One of Southern California’s premiere funk and soul outfits, Orgōne has been spreading its cosmic energy throughout the universe for nearly two decades. Fronted by vocalist Adryon de León, who plugs the soul into the ensemble, Orgōne is known for its unique mélange of gritty old school ‘60s and ‘70s music infused with contemporary influences drawn from the multicultural milieu of L.A. These influences were perfectly expressed on their last album, Beyond the Sun (2015). While recording new tracks in the studio, the band hit upon the idea of producing a cover album dedicated to a few of the artists “who paved the road for us.” The result is Undercover Mixtape, offering 13 classics paying homage to artists from Stax and Motown, as well as legendary jazz, funk and rock musicians.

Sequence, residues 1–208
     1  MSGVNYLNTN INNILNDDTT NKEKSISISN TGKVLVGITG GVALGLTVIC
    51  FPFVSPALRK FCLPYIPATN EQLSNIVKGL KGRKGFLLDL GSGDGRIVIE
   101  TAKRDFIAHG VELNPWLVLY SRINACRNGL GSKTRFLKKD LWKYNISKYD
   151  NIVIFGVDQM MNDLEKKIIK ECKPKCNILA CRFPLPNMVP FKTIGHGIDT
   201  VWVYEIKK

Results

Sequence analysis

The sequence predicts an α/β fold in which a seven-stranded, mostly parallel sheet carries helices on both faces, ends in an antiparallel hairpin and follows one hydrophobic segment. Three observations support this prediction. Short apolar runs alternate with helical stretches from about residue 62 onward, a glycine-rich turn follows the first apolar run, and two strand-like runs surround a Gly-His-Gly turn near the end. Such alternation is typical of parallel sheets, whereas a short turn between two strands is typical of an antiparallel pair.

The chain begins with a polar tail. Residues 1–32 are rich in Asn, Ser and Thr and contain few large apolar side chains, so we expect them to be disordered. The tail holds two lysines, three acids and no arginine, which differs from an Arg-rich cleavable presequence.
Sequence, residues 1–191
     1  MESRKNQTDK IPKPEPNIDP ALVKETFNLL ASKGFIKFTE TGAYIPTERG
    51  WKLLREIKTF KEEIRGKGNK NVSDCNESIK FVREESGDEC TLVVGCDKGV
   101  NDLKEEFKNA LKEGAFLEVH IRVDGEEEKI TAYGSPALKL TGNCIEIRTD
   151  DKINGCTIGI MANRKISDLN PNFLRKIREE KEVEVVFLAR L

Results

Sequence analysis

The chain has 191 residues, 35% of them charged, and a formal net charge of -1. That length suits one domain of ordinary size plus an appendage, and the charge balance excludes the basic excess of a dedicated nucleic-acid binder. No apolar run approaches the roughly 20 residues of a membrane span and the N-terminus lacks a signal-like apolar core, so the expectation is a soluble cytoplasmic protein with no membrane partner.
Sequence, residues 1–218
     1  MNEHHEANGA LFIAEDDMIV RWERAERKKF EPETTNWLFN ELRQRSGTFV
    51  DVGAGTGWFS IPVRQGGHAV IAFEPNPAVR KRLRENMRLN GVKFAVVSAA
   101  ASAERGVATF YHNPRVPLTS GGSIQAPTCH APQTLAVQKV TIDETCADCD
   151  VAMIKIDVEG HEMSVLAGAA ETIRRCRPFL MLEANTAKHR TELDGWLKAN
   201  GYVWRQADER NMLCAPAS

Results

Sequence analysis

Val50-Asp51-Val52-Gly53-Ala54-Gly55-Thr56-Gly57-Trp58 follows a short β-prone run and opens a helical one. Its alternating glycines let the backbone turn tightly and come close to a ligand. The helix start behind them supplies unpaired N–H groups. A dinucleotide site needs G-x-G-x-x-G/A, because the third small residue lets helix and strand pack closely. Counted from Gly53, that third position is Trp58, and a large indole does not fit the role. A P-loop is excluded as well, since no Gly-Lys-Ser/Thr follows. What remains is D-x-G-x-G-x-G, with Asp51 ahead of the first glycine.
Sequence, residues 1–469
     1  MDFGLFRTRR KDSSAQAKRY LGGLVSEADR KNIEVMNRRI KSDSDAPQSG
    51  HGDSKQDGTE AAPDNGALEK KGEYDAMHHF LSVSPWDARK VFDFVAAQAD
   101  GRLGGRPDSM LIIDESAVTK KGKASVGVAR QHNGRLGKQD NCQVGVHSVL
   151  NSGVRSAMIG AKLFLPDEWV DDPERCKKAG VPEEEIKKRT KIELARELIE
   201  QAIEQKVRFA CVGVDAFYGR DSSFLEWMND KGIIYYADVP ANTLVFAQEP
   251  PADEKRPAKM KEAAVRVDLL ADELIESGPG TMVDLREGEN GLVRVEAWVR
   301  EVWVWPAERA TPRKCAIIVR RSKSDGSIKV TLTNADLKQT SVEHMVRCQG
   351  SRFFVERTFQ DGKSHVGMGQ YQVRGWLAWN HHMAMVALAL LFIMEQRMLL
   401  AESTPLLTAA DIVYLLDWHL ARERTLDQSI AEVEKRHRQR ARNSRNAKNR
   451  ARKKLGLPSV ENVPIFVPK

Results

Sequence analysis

The album opens with an outstanding rendition of the jazz-funk instrumental “The Black Five,” originally released by Roy Ayers Ubiquity in 1974. The Orgōne crew swaps the string section and Ayers signature vibes for layered keyboards and guitar, providing an updated sound. Switching over to guitar-driven hard rock on “Cynthy-Ruth,” the band is led by Tarin Ector (The Solutionagenics), whose gritty vocals are well-suited for this track from the 1970 debut album by Detroit’s Black Merda.